[erlang-questions] process hierarchy and passing references

Frans Schneider schneider@REDACTED
Fri Aug 15 15:14:15 CEST 2014

Thanks for your help. I know I should have given more details about what 
I am trying to achieve, but I didn't want to bore everybody with to much 
The suggestions by Ladislav Lenart worked out perfectly.


On 08/15/2014 02:40 PM, Fred Hebert wrote:
> On 08/14, Schneider wrote:
>> Besides the domain specific functionality, every program has a RPC middleman
>> and an XML-RPC interface, each implemented as gen_servers. In the current
>> setup, the main gen_server process starts the RPC middleman, passing it its
>> Pid, and the RPC gen_server starts the XML-RPC server which is passed the
>> RPC middleman's Pid.
> What's the 'main gen_server process'?
>> Using the passed in Pid's, the XML-RPC server can do a
>> gen_server:call()/cast() back to the RPC server which on its turn can call
>> the main server. Works ok, but I would like to have the RPC middleman and
>> XML-RPC controller under the control of a supervisor. The main supervisor
>> should start the main gen_server process plus a supervisor that on its turn
>> should start the RPC midleman and the XML-RPC handler.
> Is there a reason why you can't use a named process and pass that name
> instead of having Pids returned? Is it because you risk having to many
> middlemen or XML-RPC servers?
> You've told us the kind of design you want to do, but not why you want
> to do it. That hides a lot of information if the objective is to get a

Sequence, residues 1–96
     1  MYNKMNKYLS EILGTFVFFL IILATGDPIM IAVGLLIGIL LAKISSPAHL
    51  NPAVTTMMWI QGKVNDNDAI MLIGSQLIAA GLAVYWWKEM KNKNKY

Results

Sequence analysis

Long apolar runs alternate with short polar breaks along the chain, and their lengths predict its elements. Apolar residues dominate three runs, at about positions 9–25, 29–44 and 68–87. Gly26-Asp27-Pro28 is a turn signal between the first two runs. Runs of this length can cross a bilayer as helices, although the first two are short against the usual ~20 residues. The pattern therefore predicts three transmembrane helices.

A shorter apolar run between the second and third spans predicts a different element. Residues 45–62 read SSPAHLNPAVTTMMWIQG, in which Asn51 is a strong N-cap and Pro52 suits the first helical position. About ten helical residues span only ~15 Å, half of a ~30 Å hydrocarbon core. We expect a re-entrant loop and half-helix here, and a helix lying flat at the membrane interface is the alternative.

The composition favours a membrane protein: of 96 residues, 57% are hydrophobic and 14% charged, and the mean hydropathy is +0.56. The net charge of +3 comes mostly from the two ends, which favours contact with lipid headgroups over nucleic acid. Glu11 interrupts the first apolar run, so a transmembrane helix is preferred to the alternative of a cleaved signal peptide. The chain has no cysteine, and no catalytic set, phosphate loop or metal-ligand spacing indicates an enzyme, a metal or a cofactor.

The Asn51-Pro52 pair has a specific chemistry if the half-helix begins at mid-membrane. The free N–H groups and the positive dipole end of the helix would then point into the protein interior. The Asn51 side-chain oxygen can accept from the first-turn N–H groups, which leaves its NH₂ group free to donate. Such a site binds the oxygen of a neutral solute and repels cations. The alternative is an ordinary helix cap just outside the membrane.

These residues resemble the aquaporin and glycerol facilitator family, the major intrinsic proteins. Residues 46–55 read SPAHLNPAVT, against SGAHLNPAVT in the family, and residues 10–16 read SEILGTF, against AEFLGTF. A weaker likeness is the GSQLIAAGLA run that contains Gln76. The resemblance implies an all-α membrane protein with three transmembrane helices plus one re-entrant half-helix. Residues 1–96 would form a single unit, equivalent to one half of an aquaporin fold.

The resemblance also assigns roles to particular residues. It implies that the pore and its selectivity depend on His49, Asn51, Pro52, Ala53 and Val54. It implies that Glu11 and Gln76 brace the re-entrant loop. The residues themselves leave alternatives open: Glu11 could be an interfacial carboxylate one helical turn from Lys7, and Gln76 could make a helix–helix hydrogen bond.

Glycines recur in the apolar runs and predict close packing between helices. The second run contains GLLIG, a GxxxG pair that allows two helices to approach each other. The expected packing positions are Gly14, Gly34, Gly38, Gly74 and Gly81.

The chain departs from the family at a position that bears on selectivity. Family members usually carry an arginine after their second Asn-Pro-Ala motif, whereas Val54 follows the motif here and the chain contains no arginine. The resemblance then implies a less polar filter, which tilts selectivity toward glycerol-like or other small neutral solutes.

> good architecture going.
> For your specific case, you can very well have the supervisor pass its
> pid to the server, and have the server call the supervisor back (outside
> of its init function, or asynchronously) to start the child you want to
> know about.
> Or you could go an entirely different way and have an XML-RPC
> application that spawns a server ready to listen and can just be called
> from anywhere on the node, but that depends on what you plan on doing.
> Then the 'main gen_server', whatever it's doing, does not need to start
> the XML-RPC server -- it's another application on which it can depend,
> like stdlib or kernel.
>> The thing I can't figure out is how the XML-RPC process should find the RPC
>> middleman process and how that process should locate the main server when
>> using supervision. Since there can be many RPC middlemen and XMP-RPC servers
>> around, each belonging to different main servers, naming and registering
>> seems a little hard.
>> So how to pass references around?
> There is a general theme here: if process A needs to know about process
> B, then process B is a dependency of A, and therefore B should be
> spawned before A.
> This yields any of the following approaches:
> - Give B a name, let A know the name. This works best if you have only one B
>    needed for the entire node.
> - Put B and A under the same supervisor. Make sure B is spawned first in
>    a rest_for_one. B can ask for A to be spawned later on. If there are
>    many As, B can first spawn a supervisor S as its next sibling, and
>    boot As under that supervisor. This works well if you have many pairs
>    of processes like that in a node. They can even have dynamic names
>    (say using gproc), but because they have a direct dependency, I only
>    want the names to be used by outsiders. Between themselves, both
>    processes should use their pids.
> This thread had the suggestion to keep asking the supervisor for who
> your siblings are. I hate this design, because it's confused and doesn't
> trace a clear path to dependencies. If you have B depending on A and A
> depending on B, this may be the only 'obvious' option, but I'd rather
> have an orchestrator process C that spawns both and lets them both know
> about each other as part of a negotiation sequence.
> Regards,
> Fred.

More information about the erlang-questions mailing list